5th October 2015
Despite a steep rise in the number of Britons anticipating an interest rate rise in the coming 12 months, confidence in the outlook for house price growth remains robust claims new research.
According to the quarterly Halifax Housing Market Confidence Tracker, continued talk over the likely timing of an interest rate rise has seen a spike in the number of people who expect both mortgage and savings rates to be higher in 12 months’ time.
The latest Tracker shows 58% now believe mortgage interest rates will be higher in 12 months – compared to 48% in the second quarter (Q2) and 35% expect savings interest rates will be higher, up from 26%.
Alongside annual house price inflation running at 9% and the average house price standing at £204,674, house price optimism remains high at +63 in the third quarter from +64 in the second, with 68% of people now expecting the average property prices to be higher in 12 months’ time and just 5% expecting it to be lower.
There has been a further fall in the proportion of Britons who think it will be a good time to buy in 12 months’ time, from 56% in Q2 to 53% in Q3.
But despite the apparent stability in house price expectations, there has also been a drop in selling sentiment, with the proportion who believe the next 12 months will be a good time to sell, falling seven percentage points to 52% from 59% in Q2. This brings positive selling sentiment back down to the levels seen in early 2015 and it is now at its lowest level for a year according to Halifax.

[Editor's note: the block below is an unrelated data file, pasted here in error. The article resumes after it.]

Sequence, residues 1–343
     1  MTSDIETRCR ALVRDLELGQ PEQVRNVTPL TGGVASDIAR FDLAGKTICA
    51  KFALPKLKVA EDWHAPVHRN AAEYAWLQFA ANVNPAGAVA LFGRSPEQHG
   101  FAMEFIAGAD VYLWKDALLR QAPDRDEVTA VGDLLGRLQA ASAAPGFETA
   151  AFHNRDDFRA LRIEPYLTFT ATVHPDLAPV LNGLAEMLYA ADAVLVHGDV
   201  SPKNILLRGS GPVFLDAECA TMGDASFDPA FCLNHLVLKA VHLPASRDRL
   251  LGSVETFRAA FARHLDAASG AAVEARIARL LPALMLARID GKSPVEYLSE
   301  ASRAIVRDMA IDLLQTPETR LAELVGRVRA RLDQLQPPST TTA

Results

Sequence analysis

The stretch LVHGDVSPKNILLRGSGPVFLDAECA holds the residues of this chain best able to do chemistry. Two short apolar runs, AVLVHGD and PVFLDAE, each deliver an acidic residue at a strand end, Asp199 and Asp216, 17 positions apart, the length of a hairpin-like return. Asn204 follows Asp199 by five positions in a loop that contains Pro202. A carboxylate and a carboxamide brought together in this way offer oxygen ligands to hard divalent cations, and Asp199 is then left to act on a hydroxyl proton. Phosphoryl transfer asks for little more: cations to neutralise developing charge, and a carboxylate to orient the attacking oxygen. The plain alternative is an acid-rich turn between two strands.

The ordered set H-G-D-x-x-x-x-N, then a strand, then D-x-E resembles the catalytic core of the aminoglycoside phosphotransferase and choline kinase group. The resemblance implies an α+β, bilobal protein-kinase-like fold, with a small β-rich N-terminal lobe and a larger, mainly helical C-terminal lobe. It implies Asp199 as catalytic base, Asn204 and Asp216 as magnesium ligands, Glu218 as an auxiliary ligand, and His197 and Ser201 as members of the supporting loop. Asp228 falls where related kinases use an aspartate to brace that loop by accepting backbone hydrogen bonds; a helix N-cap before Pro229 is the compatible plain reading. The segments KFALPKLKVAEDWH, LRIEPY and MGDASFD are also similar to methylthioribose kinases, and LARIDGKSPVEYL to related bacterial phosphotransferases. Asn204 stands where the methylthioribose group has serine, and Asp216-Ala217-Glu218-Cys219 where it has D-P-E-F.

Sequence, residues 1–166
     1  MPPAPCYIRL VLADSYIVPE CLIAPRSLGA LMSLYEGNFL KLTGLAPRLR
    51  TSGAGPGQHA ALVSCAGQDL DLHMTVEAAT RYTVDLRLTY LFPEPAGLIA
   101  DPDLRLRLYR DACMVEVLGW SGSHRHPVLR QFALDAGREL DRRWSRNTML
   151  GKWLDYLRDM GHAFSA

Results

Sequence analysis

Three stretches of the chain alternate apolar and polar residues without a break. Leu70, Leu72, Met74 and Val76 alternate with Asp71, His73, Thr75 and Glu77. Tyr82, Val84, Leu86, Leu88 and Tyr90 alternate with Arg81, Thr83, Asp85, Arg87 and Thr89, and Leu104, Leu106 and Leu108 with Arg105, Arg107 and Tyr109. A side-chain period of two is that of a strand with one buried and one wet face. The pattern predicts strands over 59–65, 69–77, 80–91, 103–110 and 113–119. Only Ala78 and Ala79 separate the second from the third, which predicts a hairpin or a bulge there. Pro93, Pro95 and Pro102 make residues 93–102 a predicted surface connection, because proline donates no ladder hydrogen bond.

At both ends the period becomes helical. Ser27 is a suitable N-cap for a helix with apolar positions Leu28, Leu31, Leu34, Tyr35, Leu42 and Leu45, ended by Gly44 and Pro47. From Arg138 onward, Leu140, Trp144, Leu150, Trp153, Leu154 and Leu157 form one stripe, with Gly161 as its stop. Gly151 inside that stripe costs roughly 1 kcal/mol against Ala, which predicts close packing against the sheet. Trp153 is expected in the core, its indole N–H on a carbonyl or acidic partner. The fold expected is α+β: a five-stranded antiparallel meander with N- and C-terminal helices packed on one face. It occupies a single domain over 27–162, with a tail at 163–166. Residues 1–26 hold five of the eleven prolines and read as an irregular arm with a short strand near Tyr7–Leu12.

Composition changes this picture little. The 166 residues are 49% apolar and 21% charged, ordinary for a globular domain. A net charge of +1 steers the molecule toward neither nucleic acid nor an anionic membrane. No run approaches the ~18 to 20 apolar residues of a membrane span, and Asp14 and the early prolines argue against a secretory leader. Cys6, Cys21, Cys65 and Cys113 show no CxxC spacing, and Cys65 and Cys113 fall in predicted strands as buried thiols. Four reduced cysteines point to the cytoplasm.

Craig McKinlay, mortgage director, Halifax said: “While economic optimism appears to have tailed off in the last quarter, house prices have continued to increase and the underlying pace of house price growth is strong. This has helped to maintain the expectation that house prices will continue to rise, despite more people expecting interest rate rises in the next 12 months.
“The factors behind the upward pressure on house prices include the continued lack of second-hand properties for sale on the market and the availability of low mortgage rates. Without an increase in supply it’s likely to mean that house price growth continues to be robust in the short-term, even if interest rates eventually begin to increase.”